There was a time when cockroach control was focused around baseboard spraying. Sometime later, it was focused on crack-and-crevice treatments. Then, insect growth regulators (IGRs) were introduced — and adding them meant the application device went back toward a compressed air sprayer.
At some point, baits were introduced. I used baits (in the form of MRF 2000) when I first started my business. This paste bait was applied to the corners and crevices in cabinets in large numbers. I remember baiting 80 to 100 areas inside a single apartment, because apartments were what I serviced a lot when I first started.
Materials and methods have continued to evolve and cycle. I think baits are still a great way to control cockroaches. Dr. Dini Miller has done some excellent research on the use of baits, and has developed a methodology of placing the bait into a small square of wax paper and forming it into a ‘taco’ with the bait inside.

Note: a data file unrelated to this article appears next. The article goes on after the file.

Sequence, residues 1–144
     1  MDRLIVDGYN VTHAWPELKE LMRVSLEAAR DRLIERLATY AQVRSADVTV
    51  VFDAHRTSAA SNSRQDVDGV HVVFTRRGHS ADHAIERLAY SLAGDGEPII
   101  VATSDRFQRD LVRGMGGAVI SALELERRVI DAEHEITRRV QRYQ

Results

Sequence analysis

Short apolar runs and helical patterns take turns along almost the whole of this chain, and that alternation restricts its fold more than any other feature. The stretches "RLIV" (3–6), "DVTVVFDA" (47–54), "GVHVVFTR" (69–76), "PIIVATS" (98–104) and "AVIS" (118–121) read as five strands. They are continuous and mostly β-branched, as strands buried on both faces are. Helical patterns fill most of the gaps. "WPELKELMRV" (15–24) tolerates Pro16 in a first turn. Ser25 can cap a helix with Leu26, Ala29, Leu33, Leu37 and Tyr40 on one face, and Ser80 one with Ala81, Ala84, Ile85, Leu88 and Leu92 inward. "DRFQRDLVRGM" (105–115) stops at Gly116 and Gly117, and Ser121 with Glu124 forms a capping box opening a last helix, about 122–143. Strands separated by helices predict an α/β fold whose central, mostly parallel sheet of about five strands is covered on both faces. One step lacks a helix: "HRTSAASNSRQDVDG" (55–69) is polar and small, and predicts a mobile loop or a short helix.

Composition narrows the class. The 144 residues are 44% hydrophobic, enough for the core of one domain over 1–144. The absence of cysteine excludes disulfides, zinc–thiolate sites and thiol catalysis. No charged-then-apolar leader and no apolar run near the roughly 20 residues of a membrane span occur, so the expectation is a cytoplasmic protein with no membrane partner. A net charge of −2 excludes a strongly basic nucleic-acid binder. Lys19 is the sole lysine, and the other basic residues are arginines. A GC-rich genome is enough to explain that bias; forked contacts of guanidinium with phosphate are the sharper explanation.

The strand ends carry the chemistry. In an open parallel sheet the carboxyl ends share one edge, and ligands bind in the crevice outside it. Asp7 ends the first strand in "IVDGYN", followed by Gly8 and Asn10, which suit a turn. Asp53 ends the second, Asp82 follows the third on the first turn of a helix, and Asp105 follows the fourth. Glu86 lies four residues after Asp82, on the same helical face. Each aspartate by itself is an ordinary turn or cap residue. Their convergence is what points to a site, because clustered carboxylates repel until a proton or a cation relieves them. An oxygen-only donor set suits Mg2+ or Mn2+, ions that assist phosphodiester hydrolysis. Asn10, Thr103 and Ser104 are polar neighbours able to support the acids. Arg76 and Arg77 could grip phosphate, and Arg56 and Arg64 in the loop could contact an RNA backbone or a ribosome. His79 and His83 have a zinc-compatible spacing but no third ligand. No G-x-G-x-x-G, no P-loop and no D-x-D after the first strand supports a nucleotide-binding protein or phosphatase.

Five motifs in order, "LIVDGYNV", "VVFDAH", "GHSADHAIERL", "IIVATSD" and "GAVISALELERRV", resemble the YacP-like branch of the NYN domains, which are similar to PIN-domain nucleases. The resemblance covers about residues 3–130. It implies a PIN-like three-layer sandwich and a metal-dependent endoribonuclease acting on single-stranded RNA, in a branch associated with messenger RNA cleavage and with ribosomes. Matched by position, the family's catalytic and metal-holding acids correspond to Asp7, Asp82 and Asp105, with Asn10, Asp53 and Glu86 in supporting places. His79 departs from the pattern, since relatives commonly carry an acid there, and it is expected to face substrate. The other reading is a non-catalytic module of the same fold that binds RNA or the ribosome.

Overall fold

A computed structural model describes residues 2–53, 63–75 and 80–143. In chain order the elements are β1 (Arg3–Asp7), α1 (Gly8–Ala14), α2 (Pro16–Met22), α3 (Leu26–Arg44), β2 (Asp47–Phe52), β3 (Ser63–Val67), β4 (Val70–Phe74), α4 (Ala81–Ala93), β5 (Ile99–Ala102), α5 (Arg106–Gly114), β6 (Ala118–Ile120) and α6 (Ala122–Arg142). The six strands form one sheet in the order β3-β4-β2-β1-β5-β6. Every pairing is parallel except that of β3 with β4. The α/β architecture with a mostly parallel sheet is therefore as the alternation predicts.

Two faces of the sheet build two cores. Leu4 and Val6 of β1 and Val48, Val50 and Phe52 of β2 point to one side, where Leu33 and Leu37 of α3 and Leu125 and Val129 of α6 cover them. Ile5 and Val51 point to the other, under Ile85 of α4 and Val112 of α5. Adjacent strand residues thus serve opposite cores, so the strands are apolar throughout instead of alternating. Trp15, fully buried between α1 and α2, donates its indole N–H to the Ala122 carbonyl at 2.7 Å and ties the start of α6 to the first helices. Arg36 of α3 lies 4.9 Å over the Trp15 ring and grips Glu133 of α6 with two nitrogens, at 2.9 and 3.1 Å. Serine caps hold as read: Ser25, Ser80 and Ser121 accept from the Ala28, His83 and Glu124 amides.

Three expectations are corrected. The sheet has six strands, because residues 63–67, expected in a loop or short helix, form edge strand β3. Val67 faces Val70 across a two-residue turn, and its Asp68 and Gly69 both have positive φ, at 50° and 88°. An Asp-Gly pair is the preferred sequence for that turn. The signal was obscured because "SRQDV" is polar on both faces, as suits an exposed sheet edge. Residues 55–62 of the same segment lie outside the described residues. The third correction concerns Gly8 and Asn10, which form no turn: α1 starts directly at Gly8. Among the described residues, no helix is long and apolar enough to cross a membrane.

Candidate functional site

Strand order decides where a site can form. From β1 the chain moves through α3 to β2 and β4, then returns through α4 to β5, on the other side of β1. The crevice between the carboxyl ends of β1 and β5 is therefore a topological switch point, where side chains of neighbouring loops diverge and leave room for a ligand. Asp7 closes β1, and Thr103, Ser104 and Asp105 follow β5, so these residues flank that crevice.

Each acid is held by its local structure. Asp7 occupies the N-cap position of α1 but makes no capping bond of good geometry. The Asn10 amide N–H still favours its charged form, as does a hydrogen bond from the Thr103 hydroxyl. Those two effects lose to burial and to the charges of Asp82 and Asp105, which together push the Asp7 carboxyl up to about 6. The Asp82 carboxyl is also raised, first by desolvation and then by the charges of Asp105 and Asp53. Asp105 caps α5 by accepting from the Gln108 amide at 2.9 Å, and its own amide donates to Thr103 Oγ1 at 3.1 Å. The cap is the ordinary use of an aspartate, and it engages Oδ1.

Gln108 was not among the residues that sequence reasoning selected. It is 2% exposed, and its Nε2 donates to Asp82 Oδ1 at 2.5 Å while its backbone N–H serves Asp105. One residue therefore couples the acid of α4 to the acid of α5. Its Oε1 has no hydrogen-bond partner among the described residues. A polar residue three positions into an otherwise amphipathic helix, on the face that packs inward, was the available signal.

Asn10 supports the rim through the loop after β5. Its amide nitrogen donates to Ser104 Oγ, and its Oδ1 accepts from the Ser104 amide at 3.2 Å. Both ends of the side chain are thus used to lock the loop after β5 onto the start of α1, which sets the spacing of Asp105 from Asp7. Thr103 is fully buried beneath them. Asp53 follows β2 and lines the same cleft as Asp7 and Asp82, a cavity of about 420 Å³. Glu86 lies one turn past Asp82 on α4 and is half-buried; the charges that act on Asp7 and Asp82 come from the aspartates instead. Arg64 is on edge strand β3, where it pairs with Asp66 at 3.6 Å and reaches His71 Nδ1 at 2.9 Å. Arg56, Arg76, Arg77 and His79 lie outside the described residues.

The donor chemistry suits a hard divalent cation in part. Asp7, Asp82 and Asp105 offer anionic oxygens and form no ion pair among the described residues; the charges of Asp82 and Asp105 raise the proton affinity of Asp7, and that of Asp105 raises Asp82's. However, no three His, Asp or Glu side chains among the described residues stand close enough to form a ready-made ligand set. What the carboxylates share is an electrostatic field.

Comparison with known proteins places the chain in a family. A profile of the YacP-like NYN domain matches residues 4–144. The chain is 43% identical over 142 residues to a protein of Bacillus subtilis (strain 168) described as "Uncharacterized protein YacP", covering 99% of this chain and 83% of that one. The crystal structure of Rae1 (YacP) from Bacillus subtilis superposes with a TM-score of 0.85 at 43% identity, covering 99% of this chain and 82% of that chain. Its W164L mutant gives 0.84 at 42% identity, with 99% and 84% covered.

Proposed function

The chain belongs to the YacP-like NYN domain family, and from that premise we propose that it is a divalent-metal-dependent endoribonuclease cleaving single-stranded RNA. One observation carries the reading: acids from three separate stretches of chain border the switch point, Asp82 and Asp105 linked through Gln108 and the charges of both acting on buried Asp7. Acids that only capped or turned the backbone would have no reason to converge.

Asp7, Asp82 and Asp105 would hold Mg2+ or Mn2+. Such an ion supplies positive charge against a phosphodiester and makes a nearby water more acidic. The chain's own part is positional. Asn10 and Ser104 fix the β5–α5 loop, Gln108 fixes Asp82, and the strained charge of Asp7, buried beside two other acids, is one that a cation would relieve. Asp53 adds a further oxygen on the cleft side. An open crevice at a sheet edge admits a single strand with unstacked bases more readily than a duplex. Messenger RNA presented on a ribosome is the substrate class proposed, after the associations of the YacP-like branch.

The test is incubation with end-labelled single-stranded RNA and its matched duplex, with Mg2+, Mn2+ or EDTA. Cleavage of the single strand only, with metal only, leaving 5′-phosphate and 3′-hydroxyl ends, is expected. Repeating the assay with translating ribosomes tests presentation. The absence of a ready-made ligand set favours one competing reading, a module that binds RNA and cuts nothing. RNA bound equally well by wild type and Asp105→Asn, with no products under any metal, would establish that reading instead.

(Editor’s Note: Read more about this research at “Added Value: Leave the Bait Gun, Take the Cannoli“)
Her research is showing that in the worst environments, this method is providing excellent control. Due to my own experience and her recent research, I would still list baits at the top of my list for German cockroach control.
The key to success is many bait placements. If you don’t supply enough ‘food’ for the entire population, the survivors will rebuild very quickly. And if the food is all in one area — fewer big placements instead of many small placements, for example — you will struggle with control.
JENKINS is president of ABC Home & Commercial Services, Dallas, Texas. He can be reached at email@example.com.